[0021]
In a signalprocessing step for eliminating unknown parameters, the evaluation unit considers a quotient of parameters derived from measuring signals (“ratiometric method”).

[0022]
A transformation of a division to a subtraction when the logarithms are taken is utilized by considering a quotient of the logarithmized measured values.

[0023]
A simple instrument design is assisted by using lightemitting semiconductor diodes to generate the light. These conventional lightemitting diodes (or laser diodes) can be used as photometric emission elements without additional spectral filtering.

[0024]
It helps to keep the size of the measuring instrument small if the incoming signal is received by semiconductor photodiodes. These semiconductor photodiodes have varied spectral sensitivities.

[0025]
The simple generation of light of different emission frequencies can be achieved by using at least three different light sources.

[0026]
An example of a typical application is the determination of the concentration of total hemoglobin.

[0027]
In particular, it is also intended that concentrations of components that are not associated with hemoglobin should be determined. This is true for both native and iatrogenically administered blood substances.

[0028]
Another application is the determination of both bilirubin derivatives and the total concentration of bilirubin.

[0029]
It is also possible to determine the concentration of myoglobin.

[0030]
Furthermore, the method can be used to determine the concentrations and concentration kinetics of iatrogenically administered dyes.

[0031]
Specific embodiments of the invention are shown schematically in the drawings.

[0032]
FIG. 1 shows the principle of the multiwavelength measuring technique in biological tissue.

[0033]
FIG. 2 shows the twolayer model of pulse spectroscopy with the inclusion of a pulsating nonHbassociated absorber of concentration c_{x }and of spectral absorption ε_{x }( ).

[0034]
FIG. 3 shows a schematic representation of the formation of the measuredvalue variables Ω_{1,2 }and Ω_{1,3 }from two sampling times t_{1 }and t_{2 }in two plethysmograms of different wavelengths.

[0035]
FIG. 4 shows a signalflow diagram of the RAPSmethod c_{Hb }with respect to the determination of the total hemoglobin concentration c_{Hb }with known pulsatile absorption of a substance X.

[0036]
FIG. 5 shows a signalflow diagram of the RAPSmethod c_{Hb }with respect to the determination of the concentration c_{x }of a pulsatile absorber with the spectral absorptions ε_{x }(_{1}) and ε_{x }(_{2}) (e.g., bilirubin, Evans blue) at known hemoglobin concentration c_{Hb}.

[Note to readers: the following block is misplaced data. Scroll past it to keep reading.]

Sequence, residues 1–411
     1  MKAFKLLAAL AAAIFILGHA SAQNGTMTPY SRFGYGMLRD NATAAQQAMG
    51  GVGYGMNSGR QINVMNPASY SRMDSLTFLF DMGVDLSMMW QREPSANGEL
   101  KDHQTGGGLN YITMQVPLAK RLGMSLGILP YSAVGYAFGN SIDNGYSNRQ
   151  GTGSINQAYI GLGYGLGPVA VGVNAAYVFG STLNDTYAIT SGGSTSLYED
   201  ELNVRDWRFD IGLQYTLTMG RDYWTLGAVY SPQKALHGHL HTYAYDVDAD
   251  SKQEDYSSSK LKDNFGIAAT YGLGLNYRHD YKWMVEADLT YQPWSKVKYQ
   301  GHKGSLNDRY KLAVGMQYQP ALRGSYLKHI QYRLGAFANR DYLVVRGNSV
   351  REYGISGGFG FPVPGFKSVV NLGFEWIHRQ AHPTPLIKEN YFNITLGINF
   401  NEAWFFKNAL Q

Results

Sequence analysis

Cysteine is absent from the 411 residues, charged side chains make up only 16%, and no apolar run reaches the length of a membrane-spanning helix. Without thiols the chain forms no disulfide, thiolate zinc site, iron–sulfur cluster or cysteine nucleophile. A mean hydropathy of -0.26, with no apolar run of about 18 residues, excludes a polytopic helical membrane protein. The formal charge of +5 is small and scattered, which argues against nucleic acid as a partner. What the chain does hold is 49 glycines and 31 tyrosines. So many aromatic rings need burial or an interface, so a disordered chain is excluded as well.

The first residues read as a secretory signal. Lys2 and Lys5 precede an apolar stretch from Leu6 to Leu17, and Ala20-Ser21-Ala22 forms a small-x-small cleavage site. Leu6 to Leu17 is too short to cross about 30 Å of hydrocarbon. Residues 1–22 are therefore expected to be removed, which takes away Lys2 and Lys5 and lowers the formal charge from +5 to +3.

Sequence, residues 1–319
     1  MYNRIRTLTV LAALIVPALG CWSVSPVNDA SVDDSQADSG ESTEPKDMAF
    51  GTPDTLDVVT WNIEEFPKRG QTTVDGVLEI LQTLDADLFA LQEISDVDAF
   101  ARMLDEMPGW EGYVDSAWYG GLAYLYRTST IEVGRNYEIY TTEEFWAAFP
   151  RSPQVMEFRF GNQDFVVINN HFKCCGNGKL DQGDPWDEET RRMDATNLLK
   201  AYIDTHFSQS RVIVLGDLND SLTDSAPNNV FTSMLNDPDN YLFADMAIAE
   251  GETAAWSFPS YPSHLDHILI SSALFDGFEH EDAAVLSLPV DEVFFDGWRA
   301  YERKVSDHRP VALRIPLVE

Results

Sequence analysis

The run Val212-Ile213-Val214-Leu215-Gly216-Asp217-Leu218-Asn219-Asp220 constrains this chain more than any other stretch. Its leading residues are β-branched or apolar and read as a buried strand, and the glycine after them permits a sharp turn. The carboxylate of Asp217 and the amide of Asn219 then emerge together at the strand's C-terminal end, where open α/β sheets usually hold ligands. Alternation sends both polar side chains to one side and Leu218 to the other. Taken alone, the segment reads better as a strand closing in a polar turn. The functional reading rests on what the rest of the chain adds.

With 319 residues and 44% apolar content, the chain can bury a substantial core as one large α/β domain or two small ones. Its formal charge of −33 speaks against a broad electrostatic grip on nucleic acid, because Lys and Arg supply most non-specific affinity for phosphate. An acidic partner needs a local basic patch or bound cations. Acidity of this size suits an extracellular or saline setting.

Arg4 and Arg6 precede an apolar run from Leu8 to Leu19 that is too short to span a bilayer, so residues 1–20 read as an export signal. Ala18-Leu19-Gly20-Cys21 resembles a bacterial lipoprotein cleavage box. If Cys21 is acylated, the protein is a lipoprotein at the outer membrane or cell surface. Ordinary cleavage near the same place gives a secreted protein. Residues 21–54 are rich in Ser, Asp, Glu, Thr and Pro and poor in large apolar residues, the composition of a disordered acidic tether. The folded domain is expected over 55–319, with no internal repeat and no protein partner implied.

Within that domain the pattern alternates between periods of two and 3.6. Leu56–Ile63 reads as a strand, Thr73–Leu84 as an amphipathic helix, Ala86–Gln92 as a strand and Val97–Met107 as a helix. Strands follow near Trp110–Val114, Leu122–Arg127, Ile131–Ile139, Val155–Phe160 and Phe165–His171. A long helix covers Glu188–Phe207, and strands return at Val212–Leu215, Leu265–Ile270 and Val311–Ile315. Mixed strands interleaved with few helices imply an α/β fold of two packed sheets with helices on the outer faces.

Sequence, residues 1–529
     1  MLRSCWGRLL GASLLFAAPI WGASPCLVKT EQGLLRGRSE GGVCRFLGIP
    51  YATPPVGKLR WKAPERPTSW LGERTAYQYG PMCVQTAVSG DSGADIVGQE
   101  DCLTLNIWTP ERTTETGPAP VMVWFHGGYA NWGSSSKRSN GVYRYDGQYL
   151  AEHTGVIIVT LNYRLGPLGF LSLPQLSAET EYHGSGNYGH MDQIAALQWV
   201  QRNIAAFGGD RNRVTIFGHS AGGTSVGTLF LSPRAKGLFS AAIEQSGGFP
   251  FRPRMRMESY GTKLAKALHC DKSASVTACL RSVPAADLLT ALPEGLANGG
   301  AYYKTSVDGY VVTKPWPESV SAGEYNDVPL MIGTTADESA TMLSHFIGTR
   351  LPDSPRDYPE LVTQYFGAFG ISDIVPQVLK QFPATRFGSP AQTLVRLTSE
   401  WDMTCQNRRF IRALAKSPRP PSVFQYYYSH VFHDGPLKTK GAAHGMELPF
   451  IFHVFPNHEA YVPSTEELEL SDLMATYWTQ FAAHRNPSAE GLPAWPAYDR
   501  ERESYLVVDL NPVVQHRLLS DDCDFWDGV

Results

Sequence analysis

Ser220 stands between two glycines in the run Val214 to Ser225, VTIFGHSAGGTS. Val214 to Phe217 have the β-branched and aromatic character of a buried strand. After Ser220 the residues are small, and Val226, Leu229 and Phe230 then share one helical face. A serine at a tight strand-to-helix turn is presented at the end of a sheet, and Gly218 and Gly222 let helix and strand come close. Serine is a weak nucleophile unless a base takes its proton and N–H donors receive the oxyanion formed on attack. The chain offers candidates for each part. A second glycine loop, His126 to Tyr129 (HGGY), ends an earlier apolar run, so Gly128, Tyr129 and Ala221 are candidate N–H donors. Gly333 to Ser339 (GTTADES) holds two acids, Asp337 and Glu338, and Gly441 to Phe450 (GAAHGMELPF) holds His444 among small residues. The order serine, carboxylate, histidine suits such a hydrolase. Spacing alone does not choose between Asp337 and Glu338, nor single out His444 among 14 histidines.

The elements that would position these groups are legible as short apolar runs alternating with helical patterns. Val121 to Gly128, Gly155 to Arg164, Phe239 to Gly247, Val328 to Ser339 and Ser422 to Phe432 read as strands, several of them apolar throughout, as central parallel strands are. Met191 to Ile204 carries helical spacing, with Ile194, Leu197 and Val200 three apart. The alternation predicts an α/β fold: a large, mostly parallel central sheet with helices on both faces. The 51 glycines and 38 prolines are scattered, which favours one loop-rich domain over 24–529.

[0037]
FIG. 6 shows the absorption spectrum of whole blood at an saO_{2 }of about 98% and the absorption spectrum of pure water. Please note the spectral absorption curve of H_{2}O between 1,000 (nm) and 1,600 (nm).

[0038]
FIG. 7 shows VIS and NIR absorption spectra of functional and dysfunctional Hb derivatives.

[0039]
FIG. 8 shows the absorption spectrum of the clinical marker substance Evans blue (aqueous solution (μmoles/L)).

[0040]
FIG. 9 shows the effect of a pulsatile nonHbassociated absorber of concentration c_{x }on the pulse oximetry calibration. Principle of the substance determination c_{x}.

[0041]
The device for measuring a concentration of blood components consists, for example, of three light sources (1, 2, 3) and a number of photoelectric transducers (4). The light sources (1, 2, 3) are realized in the form of lightemitting diodes. They are selected by a multiplexer and are connected to a control unit (5). The photoelectric transducers (4) are connected to an evaluation unit (6) via a lightphasesynchronous demultiplexer. The evaluation unit (6) has an arithmetic unit (7), which processes the measuring signals of the photoelectric transducer (4) according to preset computational instructions. The determined concentrations of the blood components can be displayed by a display (8) and/or can be passed along via an output device (9) or stored. The control unit (5) is connected with the evaluation unit (6) to allow functional coordination.

[0042]
FIG. 2 shows a typical layer model for illustrating the principles of pulse spectroscopy. It shows the attenuation of the light intensity by the absorption in the nonpulsating part of the tissue (layer 1) and the attenuation within the pulsating part of the tissue (layer 2), which produces the pulsating fluctuation of the emerging light intensity.

[0043]
In the arithmetic unit (7), the measured light intensities at different times and with respect to different wavelengths are computationally combined in such a way that certain unknown measuring parameters are eliminated. In the computational combination of the measured values, the transformation of a division to a subtraction by taking logarithms is utilized. Thus, if the quotient of two measured quantities at different times is formed, parameters that affect the given measured value but are constant with respect to time and are unnecessary are eliminated.

[0044]
In detail, the computational steps explained below are carried out in the measured value processing. In this regard, it is assumed that the penetration of light can be approximately described by the LambertBeer law, and the attenuation of the light occurs primarily on the following biological substances:

[0045]
1. On Hb derivatives;

[0046]
2. On substances that are also present in the pulsating blood compartment but are not necessarily associated with Hb; and

[0047]
3. On nonpulsating constant tissue.

[0048]
The ratios are illustrated in FIG. 2.

[0049]
The light penetration is given as follows for the signals I (FIG. 2):

[0000]